the sound of sci­ence

Sun­day Night Mu­sic Club host Danielle Perry de­con­structs some in­ter­na­tional megahits to re­veal their magic for­mula. It’s all about chord pro­gres­sion, ap­par­ently…

Q (UK) - - Incoming -

Ev­ery­one knows ra­dio sta­tions run off playlists most of the time. The records are fed into the dig­i­tal sys­tem with cod­ing and mark­ers to en­sure a bal­anced and var­ied ex­pe­ri­ence for the lis­tener. That’s a very brief over­view, of course, but I’ve no­ticed dur­ing the past 15 years while sit­ting be­hind a mi­cro­phone that while trends may come and go, there are also those mas­sive hits that, quite frankly, will sit com­fort­ably on any playlist. Re­cently I was sat at work play­ing Rag’n’Bone Man’s Hu­man and re­alised that not only is it in­stantly recog­nis­able but it also ticks all the right boxes to make it a bona fide mod­ern clas­sic. Back in the day I did a mu­sic de­gree, writ­ing for or­ches­tras and also dis­sect­ing clas­sic songs to de­ter­mine their process and for­mula in or­der to have a bet­ter un­der­stand­ing of how and why such mu­sic pushes cre­ative bound­aries. And here’s the sci­ence to it: the “pop­u­lar song” is clas­si­cally con­structed by a chord pro­gres­sion known as I-V-vi-IV. What that means is, if in the key of C, I is C, then V equals the fifth de­gree of that scale – in this case G, then vi= 6 (Am), then along to F… What do you mean I should stick with the day job?! Some of the all-time clas­sics are made this way: U2’s With Or With­out You, Bob Mar­ley’s No Woman No Cry, Let It Be by The Bea­tles, Adele’s Some­one Like You… the list goes on but you get the pic­ture. These megahits aren’t nec­es­sar­ily my favourites, but you can’t deny their in­ter­na­tional ap­peal. Such songs have a sci­ence be­hind them which, if you can un­lock the for­mula, all one then need do is sprin­kle some hun­dreds and thou­sands on top and – voila! – you’re on your way to (pos­si­bly) hav­ing a world­wide smash. These ac­cou­trements could be in the form of gospel back­ing singers, re­lat­able lyrics (that are also in a key and range that is easy to sing along to), lots of rep­e­ti­tion, and, ideally, a lead singer who gen­uinely makes you be­lieve they mean ev­ery word. Hitch that to a huge Net­flix synch and you’re in busi­ness. That said, ra­dio would sound very bor­ing and for­mu­laic if it solely fea­tured this style of mu­sic. But all power to those push­ing the “I-V-vi-IV” chord pro­gres­sion and the me­dia which sup­ports it. This for­mula worked for The Bea­tles and Queen back in day, so there’s no rea­son why such a song­writ­ing tra­di­tion shouldn’t con­tinue, how­ever sci­en­tific it might be.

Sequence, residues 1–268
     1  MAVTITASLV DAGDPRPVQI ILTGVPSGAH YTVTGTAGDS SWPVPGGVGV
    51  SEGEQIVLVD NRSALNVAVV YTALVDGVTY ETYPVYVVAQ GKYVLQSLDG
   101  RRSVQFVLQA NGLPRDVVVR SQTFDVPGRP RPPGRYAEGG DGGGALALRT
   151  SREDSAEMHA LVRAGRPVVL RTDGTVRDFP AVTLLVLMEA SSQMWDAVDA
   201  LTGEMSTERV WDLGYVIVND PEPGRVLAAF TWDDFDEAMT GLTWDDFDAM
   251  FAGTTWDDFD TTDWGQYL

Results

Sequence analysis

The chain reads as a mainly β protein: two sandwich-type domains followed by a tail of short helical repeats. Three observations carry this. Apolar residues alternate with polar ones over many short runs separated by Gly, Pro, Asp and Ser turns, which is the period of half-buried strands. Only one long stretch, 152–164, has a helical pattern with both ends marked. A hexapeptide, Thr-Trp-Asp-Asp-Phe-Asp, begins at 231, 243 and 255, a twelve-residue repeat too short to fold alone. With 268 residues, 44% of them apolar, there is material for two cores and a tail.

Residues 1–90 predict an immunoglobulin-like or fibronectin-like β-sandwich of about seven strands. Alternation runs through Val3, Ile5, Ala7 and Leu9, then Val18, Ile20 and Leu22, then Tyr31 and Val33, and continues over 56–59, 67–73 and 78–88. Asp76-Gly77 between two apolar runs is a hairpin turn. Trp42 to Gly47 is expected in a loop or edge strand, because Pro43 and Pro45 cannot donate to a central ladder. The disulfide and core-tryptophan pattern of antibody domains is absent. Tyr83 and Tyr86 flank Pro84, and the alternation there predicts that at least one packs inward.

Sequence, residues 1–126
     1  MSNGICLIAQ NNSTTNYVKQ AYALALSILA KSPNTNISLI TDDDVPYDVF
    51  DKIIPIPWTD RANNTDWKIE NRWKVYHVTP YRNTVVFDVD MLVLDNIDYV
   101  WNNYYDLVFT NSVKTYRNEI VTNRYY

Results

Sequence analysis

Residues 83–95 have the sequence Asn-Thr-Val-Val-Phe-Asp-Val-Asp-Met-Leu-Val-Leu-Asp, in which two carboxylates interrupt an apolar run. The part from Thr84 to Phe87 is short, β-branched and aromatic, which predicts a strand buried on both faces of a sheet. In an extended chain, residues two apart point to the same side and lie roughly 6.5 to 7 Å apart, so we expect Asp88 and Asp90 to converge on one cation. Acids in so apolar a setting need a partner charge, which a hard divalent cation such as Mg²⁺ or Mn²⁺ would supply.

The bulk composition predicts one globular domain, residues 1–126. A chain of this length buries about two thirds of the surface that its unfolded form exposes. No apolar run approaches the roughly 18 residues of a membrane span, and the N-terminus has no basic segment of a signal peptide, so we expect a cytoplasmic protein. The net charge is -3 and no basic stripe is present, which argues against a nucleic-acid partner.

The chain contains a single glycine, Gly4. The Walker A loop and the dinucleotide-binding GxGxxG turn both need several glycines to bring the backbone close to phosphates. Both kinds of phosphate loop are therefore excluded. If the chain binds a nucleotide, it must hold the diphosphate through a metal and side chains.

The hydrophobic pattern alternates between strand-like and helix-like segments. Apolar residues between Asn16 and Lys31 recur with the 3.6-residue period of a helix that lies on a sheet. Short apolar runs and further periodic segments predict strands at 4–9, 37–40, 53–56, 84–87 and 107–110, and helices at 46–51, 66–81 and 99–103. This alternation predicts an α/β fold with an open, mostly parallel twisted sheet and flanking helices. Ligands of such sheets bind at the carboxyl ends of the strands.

Lis­ten to The Sun­day Night Mu­sic Club from 8pm ev­ery week on Ab­so­lute Ra­dio.

Good sci­ence: Bob Mar­ley’s No Woman, No Cry was made with a win­ning for­mula.

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